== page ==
It is worth noting that 10 percent of American soldiers in the civil war were African-Americans in the United States army from 1863 to 1865. This all began with formation of the 54th Massachusetts regiment to Buffalo soldiers and Tuskegee Airmen where black women and men who long served in the United States military even with insecurity of their rights. Your students can study about their contributions in both times of war and of peace and honor their services.
7. Study African-American inventors
Did you know that dry-cleaning of clothes was invented by an African-American? Thomas Jennings was the first African-American to be given a United States patent in 1821 for inventing a way to dry-clean clothes. Judy Reed also was the first African-American lady to receive a patent for inventing a roller and kneader in 1844. Engage your students in researching about other African-American inventors who contributed to inventions in communications, science, transportation, agriculture, business, and industry.
8. Explore Black history music
In this lesson, engage your students in tracing the long history of the way black artists exploited music to communicate their observations, beliefs, resistance, despair, joys, and aspirations in the United states history. Make your students listen to music by great African-American musicians. You can also take advantage of this opportunity to educate your students about different musical genres that are influenced by these artists like hip-hop, jazz, doo-wop, rhythm, gospel, blues, and soul.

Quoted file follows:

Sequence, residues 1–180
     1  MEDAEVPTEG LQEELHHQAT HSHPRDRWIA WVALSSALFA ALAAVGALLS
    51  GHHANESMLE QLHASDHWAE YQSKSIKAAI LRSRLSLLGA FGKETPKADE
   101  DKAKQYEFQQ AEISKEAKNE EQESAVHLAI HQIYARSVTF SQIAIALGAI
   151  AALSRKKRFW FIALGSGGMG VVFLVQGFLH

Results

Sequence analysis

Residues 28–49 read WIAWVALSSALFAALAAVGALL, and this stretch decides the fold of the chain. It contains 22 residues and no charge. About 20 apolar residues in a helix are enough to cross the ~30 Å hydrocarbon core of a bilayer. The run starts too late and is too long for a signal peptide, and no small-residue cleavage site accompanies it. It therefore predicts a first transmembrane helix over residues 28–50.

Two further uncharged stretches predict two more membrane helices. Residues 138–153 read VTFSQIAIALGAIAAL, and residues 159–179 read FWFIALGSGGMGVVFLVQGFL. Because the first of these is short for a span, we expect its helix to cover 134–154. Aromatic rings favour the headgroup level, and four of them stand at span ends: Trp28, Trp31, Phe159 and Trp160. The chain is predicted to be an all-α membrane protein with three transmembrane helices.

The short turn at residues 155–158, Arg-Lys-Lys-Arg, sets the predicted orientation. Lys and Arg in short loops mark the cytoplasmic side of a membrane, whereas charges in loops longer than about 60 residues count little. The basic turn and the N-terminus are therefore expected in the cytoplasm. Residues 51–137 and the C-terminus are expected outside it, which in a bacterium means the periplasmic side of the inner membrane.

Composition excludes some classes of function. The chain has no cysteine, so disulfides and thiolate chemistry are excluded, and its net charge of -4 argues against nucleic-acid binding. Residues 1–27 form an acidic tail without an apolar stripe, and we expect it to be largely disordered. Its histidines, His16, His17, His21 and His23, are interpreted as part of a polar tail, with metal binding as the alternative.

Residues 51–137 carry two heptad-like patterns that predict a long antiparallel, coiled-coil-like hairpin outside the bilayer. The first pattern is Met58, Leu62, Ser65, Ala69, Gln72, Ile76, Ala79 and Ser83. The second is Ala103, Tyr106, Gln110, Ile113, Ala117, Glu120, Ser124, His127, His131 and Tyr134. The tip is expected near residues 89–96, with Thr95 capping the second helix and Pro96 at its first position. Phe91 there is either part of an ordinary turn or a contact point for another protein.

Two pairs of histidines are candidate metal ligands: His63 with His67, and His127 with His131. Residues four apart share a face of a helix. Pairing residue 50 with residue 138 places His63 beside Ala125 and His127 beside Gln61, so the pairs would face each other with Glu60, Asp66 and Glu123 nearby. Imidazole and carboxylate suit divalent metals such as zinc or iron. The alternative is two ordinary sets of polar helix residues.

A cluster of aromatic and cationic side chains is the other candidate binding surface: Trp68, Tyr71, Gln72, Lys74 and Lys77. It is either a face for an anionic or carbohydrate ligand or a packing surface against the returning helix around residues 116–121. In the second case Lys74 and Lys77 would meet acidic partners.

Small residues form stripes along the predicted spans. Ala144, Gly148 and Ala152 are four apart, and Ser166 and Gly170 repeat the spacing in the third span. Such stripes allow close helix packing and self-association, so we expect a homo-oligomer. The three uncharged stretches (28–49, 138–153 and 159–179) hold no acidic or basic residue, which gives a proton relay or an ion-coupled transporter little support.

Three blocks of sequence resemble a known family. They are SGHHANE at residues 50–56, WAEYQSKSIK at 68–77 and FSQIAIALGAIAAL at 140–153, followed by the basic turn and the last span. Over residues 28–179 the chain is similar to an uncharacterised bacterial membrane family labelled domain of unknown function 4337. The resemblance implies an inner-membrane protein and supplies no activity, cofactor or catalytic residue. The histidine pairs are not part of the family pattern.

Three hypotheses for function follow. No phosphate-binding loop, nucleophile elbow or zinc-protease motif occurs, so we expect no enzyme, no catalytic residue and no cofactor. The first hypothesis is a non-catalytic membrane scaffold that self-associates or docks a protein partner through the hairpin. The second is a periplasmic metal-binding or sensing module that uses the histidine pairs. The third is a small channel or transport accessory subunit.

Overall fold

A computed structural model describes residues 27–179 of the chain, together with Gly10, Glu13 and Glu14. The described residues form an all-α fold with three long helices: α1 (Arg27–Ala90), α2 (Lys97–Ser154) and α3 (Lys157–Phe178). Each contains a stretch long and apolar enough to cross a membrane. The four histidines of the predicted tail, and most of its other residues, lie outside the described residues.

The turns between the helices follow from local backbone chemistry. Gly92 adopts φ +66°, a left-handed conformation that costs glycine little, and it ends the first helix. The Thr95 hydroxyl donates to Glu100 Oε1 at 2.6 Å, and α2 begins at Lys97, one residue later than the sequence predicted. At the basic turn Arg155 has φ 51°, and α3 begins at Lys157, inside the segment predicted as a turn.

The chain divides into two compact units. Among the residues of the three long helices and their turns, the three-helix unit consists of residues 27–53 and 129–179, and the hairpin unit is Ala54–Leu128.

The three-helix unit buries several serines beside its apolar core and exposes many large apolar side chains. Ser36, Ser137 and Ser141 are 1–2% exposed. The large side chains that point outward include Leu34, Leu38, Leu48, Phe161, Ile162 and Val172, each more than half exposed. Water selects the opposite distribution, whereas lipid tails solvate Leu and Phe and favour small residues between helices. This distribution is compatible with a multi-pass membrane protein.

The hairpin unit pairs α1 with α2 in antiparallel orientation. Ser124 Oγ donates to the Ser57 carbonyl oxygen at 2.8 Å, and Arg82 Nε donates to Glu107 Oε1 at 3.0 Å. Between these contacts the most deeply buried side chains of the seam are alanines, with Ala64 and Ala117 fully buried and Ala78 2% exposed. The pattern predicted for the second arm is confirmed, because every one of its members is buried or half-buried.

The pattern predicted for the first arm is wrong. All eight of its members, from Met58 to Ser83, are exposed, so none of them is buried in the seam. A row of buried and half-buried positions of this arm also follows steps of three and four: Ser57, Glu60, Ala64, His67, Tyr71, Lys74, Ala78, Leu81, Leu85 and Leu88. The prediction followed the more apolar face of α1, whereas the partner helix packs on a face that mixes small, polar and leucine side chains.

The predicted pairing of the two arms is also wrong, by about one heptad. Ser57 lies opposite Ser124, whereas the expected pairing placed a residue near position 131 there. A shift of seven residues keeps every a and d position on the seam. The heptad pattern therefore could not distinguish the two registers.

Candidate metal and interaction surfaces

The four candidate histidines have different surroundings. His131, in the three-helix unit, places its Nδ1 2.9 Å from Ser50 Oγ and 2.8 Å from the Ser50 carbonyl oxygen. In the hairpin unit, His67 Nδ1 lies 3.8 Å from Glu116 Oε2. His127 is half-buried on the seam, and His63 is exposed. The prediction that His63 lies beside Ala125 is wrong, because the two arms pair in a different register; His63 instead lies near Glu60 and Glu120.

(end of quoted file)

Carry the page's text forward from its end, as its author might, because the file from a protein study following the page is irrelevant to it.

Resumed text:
9. Study about African-American recipes
One the most influential ways to learn about a culture is connecting with how they enjoy their food. Dive into African-inspired dishes and study their recipes. Settle on a few recipes that your students can try out at home and carry to class the next day. This can be done with assistance of parents using recipes written in class. You can also influence the parents in that school to try a single African-American recipe every week throughout the month to celebrate the culture.
10. Daily quotes
Make an effort to greet your students every morning with a new quote relevant to black history. You can also repeat the quote in the class every lesson and make print-outs of the quotes to be distributed to every class. With this at hand, you can start an open discussion on the relevance of each quote and the history surrounding emergence of the quote. This will charge your students with psyche to look forward to each new day of school.
11. A prominent figure each day or week
Decide to discuss a single influencer together with their accomplishment per week or per day. This will assist in extensive studying of each prominent figure as you make them the center of every day or week. You could look into categories like politicians, actors, musicians, activists, artists, and writers.
The Black Month is a great time to study the many contributions that African-American have made to our society. The best way to engage students in these studies is to make the lessons interesting in the ways shown above. If you need help more Black History activity ideas feel free to use our History Homework Help and get more interesting activities at an affordable fee.